Wellness Checks

It’s the week of doctor’s visits at the Yakel household…these two handsome guys just had birthdays and have each had wellness checks to be sure they were growing up healthy:

The birthday boys: Milo and Ethan

While annual checkups are just a part of life, they can be a little painful—Milo is on a little diet and Ethan had to get shots.  Neither is very happy.  But, both have a clean bill of health.

An annual financial checkup can feel about the same—necessary but painful.  However, knowing you are financially healthy –or at least knowing areas that can be improved on—can be very mentally freeing.

At Meridian, we review our clients’ financial plans annually to check progress, note new challenges and opportunities, and make a plan for the year ahead.  Here are a few “health stats” we check:

  1. Net worth statement:  To easily calculate your net worth, write down all of your assets (bank accounts, investment accounts, retirement accounts, real estate, etc) on one side of a piece of paper.  On the other, write down all liabilities (credit card debt, student loans, car loans, mortgage debt, etc).  Difference between the two is your net worth.  We review progress annually—generally, we are looking for falling liability balances (or for a legitimate reason for an increase…i.e. purchased a home for the first time…new car…).   We are also looking for growth on the asset side—a solid emergency fund, a growing retirement account, etc.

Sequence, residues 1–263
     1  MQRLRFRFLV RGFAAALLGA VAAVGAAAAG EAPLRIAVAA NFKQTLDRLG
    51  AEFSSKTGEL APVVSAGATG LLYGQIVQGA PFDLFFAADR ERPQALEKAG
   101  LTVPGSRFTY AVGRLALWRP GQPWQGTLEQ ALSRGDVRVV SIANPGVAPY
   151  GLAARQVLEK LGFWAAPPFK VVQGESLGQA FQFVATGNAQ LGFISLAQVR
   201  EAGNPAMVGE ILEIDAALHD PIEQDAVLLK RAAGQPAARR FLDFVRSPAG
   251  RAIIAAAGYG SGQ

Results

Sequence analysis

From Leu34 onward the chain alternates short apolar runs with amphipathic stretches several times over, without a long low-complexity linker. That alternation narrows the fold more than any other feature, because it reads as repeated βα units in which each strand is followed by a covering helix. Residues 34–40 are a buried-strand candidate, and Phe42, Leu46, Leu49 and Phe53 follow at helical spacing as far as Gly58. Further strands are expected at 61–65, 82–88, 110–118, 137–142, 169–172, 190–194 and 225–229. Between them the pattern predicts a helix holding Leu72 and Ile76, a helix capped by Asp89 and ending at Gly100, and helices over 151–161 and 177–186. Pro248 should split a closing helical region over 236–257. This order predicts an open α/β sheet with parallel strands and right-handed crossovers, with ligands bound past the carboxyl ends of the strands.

2. Retirement savings checkpoints: With the net worth statement in hand, and an idea of annual income, we calculate if our clients are on track for retirement.  While we do a little more detailed analysis, JP Morgan has a wonderful ‘rule of thumb’ guide for how much you should have saved for retirement by various ages:

Retirement Savings Checkpoints

  1. Savings rate: We calculate the percentage that our clients are saving for retirement between their own contributions to IRAs, company retirement plans, investment accounts, as well as the percentage that their employer matches. When we do a full financial plan, we arrive at the target savings rate by calculating how much is necessary to save based on retirement goals, investment growth, and other factors.  But as a general guide, here is the JP Morgan table with approximate savings rates at various income levels/ages:

During an annual financial “check up”, we also review baseline goals for emergency savings, insurance coverages, and estate plans.  Our goal is to make sure our clients’ financial picture is growing healthy…even if it may need a shot every now and then!

Milo, post shot—pain numbed by vet’s miracle…Cheez-Wiz
Categories : Financial Planning

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